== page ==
America has long been one of the best places to get a high-quality business education, but its lead is now starting to wane with Canada coming out as a major competitor on the MBA front. Canadian B-schools today boast an equally high caliber of professional faculty, staff and up-to-date curricula as their Southern neighbour. But they have one serious advantage: a much more relaxed visa regime for all foreign students willing to enroll in a one-year MBA programme and a 3-year work permit right after graduation.
A reasonable investment
Pursuing an MBA is a serious investment as it is time, effort and money consuming. Moneywise a Masters in business administration can be quite demanding, especially if you opt for an elite B-school education. Yet, if you do your research right and don’t fall for the brand names all too quickly, you may dig out an excellent university that will not be a drain on your pocket. Canada can prove to be a paradise found for those who are on the look-out for a top-notch business degree at an affordable price. Statistics show that MBA programmes in Canada are considerably more affordable than in the US. The average cost of tuition and residence fees for top tier schools in the US is 78,150 US$ compared to an average of 59,341 US$ in Canada. And though some of the best-ranked universities in the country such as the Schulich School of Business, Queen’s School of Business and UBC’s Sauder School of Business have shied away from government support and have become privatised, their tuition fees remain reasonable compared to those of the American Ivy League universities. Thus you get the best of both worlds – renowned faculty, excellent studying environment and fewer financial strings attached.
Ethnic diversity is not an empty word. Today the most advanced communities are those that cherish and promote their multiculturalism, and Canada is undoubtedly among the countries with the greatest number of ethnicities gathered in one place which makes studying there an international experience. Moreover, some say that unlike the melting pot in the U.S., Canada enjoys a heterogeneous salad bowl society where different cultures mix but remain distinct.“We are a welcoming country for immigrantswith many programmes and initiativesto encourage immigration. Montrealis a multicultural city with large and diverseimmigrant communities,” Michael Wybo, Director of the MBA Programme at HEC Montreal. In fact, the best Canadian BSchools boast highly international student and faculty bodies, even more so than their US counterparts.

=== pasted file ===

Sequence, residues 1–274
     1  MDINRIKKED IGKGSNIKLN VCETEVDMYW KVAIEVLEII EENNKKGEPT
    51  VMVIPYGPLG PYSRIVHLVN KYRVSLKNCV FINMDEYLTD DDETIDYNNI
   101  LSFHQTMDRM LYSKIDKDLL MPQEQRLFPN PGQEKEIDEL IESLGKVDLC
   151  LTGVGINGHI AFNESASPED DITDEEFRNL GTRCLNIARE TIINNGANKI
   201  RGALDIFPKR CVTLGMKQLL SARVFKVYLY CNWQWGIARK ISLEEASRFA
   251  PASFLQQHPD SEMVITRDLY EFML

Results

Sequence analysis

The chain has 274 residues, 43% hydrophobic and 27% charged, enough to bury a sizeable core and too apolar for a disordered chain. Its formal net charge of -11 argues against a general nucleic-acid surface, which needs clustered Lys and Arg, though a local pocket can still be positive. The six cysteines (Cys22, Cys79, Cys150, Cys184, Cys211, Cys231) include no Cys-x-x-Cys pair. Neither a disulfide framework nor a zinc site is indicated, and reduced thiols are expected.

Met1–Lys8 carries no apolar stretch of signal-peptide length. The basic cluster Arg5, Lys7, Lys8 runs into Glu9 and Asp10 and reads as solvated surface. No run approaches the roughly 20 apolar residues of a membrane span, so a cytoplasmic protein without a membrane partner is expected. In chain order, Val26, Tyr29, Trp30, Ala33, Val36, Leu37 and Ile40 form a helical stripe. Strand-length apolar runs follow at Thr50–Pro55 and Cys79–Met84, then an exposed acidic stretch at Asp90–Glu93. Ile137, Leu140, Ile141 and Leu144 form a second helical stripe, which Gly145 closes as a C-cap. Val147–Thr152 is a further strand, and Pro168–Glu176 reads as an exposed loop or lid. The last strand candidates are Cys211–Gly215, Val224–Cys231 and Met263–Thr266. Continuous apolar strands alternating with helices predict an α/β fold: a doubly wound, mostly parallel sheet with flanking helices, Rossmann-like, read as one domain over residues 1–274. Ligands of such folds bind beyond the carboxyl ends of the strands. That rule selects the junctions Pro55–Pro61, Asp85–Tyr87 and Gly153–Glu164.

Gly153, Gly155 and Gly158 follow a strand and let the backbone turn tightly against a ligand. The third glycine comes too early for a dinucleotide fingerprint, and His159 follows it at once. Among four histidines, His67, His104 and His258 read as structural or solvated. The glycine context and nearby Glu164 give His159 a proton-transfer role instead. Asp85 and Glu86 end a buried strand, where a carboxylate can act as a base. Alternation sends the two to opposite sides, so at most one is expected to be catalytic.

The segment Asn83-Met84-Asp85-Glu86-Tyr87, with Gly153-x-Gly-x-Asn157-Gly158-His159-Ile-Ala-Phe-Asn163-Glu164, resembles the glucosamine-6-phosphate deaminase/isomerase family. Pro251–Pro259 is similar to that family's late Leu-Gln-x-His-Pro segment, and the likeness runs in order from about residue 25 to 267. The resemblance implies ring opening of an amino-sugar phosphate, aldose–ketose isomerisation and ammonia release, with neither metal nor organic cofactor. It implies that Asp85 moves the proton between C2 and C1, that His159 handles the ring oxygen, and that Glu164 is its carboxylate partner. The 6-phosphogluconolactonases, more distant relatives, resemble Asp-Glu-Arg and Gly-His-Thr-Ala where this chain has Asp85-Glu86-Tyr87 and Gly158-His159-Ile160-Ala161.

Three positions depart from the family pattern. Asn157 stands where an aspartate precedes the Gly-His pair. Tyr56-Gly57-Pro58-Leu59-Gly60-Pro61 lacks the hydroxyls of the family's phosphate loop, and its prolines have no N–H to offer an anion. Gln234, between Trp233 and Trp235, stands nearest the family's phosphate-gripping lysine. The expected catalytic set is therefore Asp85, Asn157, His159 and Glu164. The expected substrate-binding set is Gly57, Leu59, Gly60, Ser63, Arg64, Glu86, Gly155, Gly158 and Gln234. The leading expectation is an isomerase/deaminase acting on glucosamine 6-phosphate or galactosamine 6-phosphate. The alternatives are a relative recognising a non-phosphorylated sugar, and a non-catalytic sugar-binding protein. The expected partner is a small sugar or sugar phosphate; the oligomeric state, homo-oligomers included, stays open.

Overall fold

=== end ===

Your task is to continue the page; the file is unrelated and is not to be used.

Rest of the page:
A recent study shows that only 35% of the students enrolled in the top 10 US schools are international students compared to 43% in Canada. “Faculty,staff and students atSchulich are representedfrom over 30countries worldwide.The diversity in the classroom allowsstudentsto optimise their global network whilebeing better prepared to manage in a global context,” says Praveen Muruganandan, Director, Admissions and Recruitment at Schulich School of Business. Indeed, with such a high level of international and national talent students learn as much from their peers as they do from their professors. They are exposed not just to business disciplines such as accounting and marketing but also to the various management styles from around the world that make the difference in a rounded education.
Newcomers are welcome
“Canada is a country of immigrants,” says Michael Wybo from HEC Montreal, and as such it has always been welcoming to newcomers. International MBA students do not have to go through the usual visa and work permit drudgery as procedures are quick and simple. In fact, as Praveen Muruganandan from Schulich School of Business explains, Canada's immigration policies make it a welcoming place for the international student from the MBA programme. The government will grant up to three years to a student enrolled in a two-year MBA programme on a postgraduate work permit to work in Canada, which is a wonderful opportunity for full-time MBA graduates.
Jobs are there for the taking
Despite the stagnant world economy, Canada has managed to keep afloat and continue to prosper. In fact, Canada ranks third as a destination for international business students, after the United States and Britain, according to the Graduate Management Admission Council (GMAC). It is still one of the eight most industrialized nations in the world and a leader in business. Canada’s diversified economy thrives with such major industries as oil and gas, mining, manufacturing, agriculture and forestry. The country is home to many of the world’s largest and most influential companies.
According to the GMAC survey for 2013, Air Canada, Sears Canada and TD Bank plan to hire graduates with a bachelor’s degree as well as those with a master’s in management. The survey indicates that there are sufficient job opportunities for qualified and trained people and economic integration for non-Canadian students is less turbulent as the work permit they are granted allows them to apply their knowledge immediately after graduation.